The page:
Since the time of the first modern reformer, Patriarch Kyrillos IV (1854-1861), a rift had grown between the church’s lay members and its clerical hierarchy. This rift became visible, for example, when in 1874 the lay council of the Coptic community was established that oversaw the administration of personal status affairs and the management of church property and religious endowments. In 1892 a crisis arose when the well-educated members of the council grew tired of the obstructionist behavior of the ultraconservative patriarch Kyrillos V (1874-1927) who had closed the newly established seminary (1875) and tried to render the lay council’s efforts futile. After several months of exile in a desert monastery, the patriarch returned. Understanding that there was no other choice he promptly reopened the seminary.
While at the onset of the twentieth century the rift between educated lay Copts and a largely uneducated church hierarchy grew, by the year 1959 another rift had taken hold of the church. Educational reformation had opened the state schools for Copts from the lower-middle and middle classes as well. This generation, who had started to graduate from university by the early 1950s, had taken up leadership positions within the church, especially serving in Sunday schools. These young adults came partly from the countryside and had priorities and goals in life that differed from those of the Coptic elite. At the same time, the upper-class Copts were hard hit by Nasser’s industrial and land reforms that had taken most of their possessions.
Beginning a reign in this confusing landscape was ominous at best. Yet, when asked in an interview about his goal for the Coptic Orthodox Church, Kyrillos answered that he would “pray to God that he would return to the church her original glory with the cooperation of her sincere sons.” He did not elaborate during the interview about how he planned to do this, but in his first papal letter he asked that “all sons, brethren, deacons, church members, priests, bishops, metropolitans, members of El-Majlis al-Milli, organizations and community groups; all servants would work in unison and self-denial.” (3)
This language was not inclusive; Kyrillos was addressing a male-led, male-oriented church. However, by no means did he mean to exclude women as he encouraged them to move into semi-official positions within the church hierarchy. His essential view of the church was that it should be like a pigeon tower: open for all to fly into. In the tower there is room for all, while nobody (male, female, Coptic and non-Coptic) is sent away empty-handed. Quoting Abuna Rafa’il:
He never judged or excommunicated anybody; to him love was a virtue that can develop through practice similar to the learning process in school. He was humble; anybody who wanted could meet him but at the same time he guarded himself and used to say “love everyone but keep yourself distant.” (4)
Perhaps we could add to this observation that he never excommunicated anybody for long, although there was the famous incident when Father Matta al-Miskin was briefly excommunicated as punishment for being stubborn and refusing to obey Kyrillos’s requests.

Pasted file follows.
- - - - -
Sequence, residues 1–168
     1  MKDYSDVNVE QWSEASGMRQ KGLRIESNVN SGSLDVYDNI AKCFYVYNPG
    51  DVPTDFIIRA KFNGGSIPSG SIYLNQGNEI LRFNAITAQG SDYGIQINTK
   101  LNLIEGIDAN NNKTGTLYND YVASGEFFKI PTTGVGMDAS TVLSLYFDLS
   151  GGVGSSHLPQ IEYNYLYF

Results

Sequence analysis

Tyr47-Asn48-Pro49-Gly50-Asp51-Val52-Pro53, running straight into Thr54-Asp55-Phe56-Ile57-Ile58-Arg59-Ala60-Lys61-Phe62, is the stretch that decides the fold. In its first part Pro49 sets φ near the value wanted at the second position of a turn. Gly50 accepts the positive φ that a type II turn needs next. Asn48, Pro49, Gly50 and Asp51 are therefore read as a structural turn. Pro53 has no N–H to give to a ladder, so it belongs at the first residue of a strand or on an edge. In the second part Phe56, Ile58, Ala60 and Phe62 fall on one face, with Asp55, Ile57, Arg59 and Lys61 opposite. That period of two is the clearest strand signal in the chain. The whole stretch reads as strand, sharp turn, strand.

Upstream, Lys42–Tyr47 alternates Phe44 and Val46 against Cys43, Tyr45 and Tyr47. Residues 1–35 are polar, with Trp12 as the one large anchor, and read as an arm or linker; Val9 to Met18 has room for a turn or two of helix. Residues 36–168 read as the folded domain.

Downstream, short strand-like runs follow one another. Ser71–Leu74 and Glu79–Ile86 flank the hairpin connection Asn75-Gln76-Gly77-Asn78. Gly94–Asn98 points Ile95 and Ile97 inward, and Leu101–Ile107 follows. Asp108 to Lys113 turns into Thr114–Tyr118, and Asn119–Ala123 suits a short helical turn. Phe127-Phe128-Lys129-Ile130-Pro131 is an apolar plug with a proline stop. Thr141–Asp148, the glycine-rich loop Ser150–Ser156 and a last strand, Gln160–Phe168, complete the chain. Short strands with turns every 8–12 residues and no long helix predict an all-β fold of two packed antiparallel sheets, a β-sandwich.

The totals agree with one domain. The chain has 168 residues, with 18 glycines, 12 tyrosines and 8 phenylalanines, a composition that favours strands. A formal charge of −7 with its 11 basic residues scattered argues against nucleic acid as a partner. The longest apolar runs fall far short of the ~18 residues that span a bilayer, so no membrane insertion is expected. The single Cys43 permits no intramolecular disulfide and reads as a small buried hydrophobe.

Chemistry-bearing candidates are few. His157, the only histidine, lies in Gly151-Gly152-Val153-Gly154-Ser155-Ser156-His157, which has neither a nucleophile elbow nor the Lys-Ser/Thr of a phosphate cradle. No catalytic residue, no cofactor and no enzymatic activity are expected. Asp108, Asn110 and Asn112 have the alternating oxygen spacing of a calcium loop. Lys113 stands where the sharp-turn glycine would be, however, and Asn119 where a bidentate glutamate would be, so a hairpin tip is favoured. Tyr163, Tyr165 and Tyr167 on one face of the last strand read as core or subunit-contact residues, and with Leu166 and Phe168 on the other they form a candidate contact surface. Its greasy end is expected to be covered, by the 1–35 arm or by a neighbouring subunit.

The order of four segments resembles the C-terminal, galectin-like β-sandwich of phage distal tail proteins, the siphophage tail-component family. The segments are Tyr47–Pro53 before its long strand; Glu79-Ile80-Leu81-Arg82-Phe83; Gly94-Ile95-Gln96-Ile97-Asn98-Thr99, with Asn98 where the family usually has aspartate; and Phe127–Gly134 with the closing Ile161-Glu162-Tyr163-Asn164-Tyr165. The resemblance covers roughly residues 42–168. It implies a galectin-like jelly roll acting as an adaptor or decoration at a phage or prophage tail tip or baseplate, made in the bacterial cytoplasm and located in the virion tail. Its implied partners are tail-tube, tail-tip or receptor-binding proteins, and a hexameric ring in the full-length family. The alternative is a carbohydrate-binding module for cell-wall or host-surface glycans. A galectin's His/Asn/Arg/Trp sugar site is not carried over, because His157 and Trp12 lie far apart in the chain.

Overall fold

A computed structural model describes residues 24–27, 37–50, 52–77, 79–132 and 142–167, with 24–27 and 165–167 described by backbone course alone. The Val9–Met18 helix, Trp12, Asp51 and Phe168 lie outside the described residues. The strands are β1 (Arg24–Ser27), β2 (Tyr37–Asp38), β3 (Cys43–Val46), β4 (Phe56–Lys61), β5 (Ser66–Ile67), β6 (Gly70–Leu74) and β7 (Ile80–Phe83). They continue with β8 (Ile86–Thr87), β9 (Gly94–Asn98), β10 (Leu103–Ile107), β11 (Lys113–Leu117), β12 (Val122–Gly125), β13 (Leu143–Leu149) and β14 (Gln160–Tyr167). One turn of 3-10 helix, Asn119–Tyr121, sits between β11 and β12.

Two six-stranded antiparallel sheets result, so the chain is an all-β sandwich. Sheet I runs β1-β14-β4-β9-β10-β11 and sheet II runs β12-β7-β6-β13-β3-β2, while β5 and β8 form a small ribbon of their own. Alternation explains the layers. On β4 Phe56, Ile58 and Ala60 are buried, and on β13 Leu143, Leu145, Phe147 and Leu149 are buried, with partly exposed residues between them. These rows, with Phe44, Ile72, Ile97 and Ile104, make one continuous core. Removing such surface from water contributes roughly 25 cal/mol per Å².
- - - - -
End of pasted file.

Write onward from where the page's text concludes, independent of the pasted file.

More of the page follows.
The incident with Matta al-Miskin is informative as it shows us that, when challenged, Kyrillos was no pushover but did know to wield power. In 1962 he had the journal Misr closed after it waged a campaign against what it considered his lack of reform measures, and in 1965 he asked Nasser to issue a presidential decree that transferred some of the powers of the lay council to the Patriarch. (5)
Before becoming a patriarch, he already had shown sublime skills of putting members of the hierarchy in their place. While still a young monk he derived the authority for his audacity from the fact that he lived the solitary life of a hermit. Having been ordained as the monk Mina in the Monastery of Baramous in 1927, a mere five years later he requested permission to withdraw into the desert. Although permission was not denied, the idea met with great resistance from more senior monks who were aware of the dangers and pitfalls of the solitary lifestyle. Kyrillos managed to deflate their objections and went off into the desert. In fact, most of his monastic career he lived outside the Monastery of Baramous.
Perhaps it was his withdrawal to the desert that kept him unaware of problems brewing inside the monastery. In 1936, returning for the Easter celebrations, he ran into a committee of officials who had been called by the abbot to expel seven monks from the monastery. In retrospect, this event proved formative in Kyrillos’s career, as it was the beginning of his “public” career as a solitary that eventually led him to move into the mill on the Muqattam hills just outside Cairo. Affronted by the idea of expelling seven monks during the holy time of Easter, Kyrillos moved from the desert to Old Cairo where he set up a residence with the seven monks. Both the bishop in charge of the monastery and the patriarch summoned him to explain himself. The relatively young monk (34 years old) had no problem rebuking these high-powered figures. When he pointed at the bishop’s luxurious robes and living quarters (6) and reminded Patriarch Yu’annis XIX of the fact that expelling the monks had been against monastic law, the prelates had no response.
Although Kyrillos respected the church hierarchy, he was a master in circumventing official decisions he disagreed with–without breaking the rules. For example, in 1944 the Patriarch appointed him abbot of the remote Monastery of St. Samuel, allegedly to move the unruly monk far from Cairo. A few weeks into his new position, Kyrillos passed the daily duties into the hands of a prior and returned to Cairo to be in charge of the Christian student hostel.